Through the International Development Association (IDA), the World Bank has approved $380 million in financing to support Malawi and Mozambique increase regional trade coordination, reduce trade costs and time, develop regional value chains, and improve access to infrastructure.
The new Southern Africa Trade and Connectivity Project (SATCP) seeks to benefit the two countries through investments that will facilitate trade, strengthen regional coordination, and increase diversified economic opportunities.
The project investments are expected to bring about increased regional trade, income growth, and job creation.
By improving trade competitiveness and regional connectivity, the project will help reduce costs from the exporting firms to the importing market, thereby reducing costs for the consumers. This includes addressing behind-the-border costs, such as improving standards compliance and increasing the institutional capacity of authorities; at-the-border costs, including accelerating border procedures and reducing trade restrictions; and other costs involved in trade across borders.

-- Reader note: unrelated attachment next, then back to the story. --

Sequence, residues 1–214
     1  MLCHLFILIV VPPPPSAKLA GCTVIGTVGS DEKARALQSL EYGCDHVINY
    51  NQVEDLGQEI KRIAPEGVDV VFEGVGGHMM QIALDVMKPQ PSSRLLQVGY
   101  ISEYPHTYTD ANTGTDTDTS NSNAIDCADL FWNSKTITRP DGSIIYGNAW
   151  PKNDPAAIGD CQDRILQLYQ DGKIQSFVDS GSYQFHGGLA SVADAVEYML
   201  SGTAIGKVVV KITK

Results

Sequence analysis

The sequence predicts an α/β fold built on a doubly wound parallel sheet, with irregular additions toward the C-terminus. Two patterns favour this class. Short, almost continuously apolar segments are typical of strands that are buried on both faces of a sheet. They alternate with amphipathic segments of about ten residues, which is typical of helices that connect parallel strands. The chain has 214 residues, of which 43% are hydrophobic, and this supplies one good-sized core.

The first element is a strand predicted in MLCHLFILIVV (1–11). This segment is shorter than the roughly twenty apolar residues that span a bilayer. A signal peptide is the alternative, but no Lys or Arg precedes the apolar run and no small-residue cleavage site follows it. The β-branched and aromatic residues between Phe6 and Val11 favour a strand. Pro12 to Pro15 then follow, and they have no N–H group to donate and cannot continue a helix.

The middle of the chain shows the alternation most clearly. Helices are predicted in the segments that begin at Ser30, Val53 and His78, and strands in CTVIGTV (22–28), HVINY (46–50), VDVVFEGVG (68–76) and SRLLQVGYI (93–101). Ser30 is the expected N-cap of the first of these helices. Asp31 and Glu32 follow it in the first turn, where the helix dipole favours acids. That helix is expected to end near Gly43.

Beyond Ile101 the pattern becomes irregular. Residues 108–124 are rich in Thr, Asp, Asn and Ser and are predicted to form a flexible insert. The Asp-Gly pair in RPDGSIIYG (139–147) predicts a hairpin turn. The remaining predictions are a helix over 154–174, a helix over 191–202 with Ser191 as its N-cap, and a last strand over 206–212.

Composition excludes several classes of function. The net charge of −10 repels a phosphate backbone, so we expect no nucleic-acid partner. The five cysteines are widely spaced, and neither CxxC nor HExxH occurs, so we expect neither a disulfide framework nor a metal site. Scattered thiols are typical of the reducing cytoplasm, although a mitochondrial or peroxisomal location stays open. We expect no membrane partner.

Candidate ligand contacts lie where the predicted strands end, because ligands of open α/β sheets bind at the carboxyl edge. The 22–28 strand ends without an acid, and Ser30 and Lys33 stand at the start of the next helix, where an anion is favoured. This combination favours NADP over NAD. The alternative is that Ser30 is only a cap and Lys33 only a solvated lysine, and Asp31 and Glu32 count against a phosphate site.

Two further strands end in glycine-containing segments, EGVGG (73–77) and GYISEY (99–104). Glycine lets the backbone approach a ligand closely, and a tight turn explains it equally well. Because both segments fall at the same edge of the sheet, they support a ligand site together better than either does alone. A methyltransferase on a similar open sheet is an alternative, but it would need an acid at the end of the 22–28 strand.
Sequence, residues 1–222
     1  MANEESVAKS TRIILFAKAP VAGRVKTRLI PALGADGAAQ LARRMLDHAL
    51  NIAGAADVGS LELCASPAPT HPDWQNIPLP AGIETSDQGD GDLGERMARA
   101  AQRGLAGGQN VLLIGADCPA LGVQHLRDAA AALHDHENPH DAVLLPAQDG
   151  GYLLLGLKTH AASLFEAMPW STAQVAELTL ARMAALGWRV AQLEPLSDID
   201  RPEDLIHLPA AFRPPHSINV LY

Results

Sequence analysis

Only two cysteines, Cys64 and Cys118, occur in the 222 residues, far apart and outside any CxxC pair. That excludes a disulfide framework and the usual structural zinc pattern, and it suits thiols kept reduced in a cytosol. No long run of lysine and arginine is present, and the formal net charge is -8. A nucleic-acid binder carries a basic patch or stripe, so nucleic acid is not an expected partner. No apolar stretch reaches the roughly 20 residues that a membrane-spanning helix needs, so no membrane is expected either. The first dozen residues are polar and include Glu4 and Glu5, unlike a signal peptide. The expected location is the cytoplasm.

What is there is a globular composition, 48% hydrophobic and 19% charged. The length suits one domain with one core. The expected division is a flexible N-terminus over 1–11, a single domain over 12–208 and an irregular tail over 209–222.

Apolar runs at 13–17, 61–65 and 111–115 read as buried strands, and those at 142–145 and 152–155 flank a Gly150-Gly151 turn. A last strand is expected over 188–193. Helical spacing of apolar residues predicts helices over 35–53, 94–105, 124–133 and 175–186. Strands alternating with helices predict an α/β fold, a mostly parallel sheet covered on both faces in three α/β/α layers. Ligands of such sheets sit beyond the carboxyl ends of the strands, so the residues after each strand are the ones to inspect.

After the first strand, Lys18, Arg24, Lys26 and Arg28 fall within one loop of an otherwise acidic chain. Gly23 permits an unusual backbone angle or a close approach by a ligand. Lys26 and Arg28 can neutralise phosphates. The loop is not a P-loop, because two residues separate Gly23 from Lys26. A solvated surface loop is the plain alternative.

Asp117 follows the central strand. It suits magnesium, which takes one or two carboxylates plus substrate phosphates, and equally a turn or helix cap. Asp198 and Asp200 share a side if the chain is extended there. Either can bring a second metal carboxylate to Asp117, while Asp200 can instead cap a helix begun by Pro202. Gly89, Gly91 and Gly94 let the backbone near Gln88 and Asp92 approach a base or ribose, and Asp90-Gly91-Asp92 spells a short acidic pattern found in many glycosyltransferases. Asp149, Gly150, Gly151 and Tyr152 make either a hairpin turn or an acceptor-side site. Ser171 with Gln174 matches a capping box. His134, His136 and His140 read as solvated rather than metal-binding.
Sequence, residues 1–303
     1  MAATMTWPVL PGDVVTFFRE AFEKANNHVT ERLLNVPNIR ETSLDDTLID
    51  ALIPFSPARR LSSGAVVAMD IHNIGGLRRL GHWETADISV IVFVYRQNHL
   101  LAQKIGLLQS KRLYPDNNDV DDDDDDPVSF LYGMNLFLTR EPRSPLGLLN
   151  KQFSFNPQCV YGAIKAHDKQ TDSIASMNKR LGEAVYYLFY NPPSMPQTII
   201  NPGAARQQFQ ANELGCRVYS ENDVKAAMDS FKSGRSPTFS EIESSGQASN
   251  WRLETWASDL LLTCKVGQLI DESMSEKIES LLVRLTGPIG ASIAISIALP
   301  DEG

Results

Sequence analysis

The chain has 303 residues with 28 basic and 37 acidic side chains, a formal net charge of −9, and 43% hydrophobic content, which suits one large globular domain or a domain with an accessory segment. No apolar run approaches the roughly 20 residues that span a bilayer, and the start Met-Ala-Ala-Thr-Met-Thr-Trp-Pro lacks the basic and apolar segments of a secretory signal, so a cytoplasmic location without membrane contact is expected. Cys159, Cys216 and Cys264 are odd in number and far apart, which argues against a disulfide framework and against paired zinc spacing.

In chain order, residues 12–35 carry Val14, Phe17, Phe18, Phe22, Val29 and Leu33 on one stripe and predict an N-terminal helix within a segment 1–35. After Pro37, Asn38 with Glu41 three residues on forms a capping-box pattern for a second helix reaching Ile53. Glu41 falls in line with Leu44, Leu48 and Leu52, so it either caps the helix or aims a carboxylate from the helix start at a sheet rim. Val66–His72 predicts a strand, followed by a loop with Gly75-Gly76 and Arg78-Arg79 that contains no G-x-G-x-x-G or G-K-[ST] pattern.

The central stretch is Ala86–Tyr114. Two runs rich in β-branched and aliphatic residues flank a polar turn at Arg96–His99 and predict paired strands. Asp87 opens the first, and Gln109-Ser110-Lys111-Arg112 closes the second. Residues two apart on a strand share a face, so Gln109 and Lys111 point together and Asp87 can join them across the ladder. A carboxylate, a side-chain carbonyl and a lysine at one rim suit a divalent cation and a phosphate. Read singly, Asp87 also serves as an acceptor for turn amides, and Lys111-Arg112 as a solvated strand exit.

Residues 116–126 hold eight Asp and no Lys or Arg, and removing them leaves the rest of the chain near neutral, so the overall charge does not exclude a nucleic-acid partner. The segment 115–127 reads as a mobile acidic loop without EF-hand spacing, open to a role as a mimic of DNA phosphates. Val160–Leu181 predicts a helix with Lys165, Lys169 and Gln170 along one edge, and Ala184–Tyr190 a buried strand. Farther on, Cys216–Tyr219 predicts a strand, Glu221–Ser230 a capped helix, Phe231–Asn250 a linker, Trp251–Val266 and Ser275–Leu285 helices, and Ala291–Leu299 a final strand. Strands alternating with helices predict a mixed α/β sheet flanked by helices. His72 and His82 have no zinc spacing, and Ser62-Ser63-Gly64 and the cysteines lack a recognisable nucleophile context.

Additionally, the development of regional value chains would help increase trade integration and private sector investment, including in agribusiness, logistics, and storage infrastructure.
On the other hand, upgrading road infrastructure to be climate resilient in most potential areas along the Nacala corridor will further improve trade connectivity and lead to increased opportunities for firms and farmers.
The World Bank’s International Development Association (IDA) helps the world’s poorest countries by providing grants and low to zero-interest loans for projects and programs that boost economic growth and reduce poverty.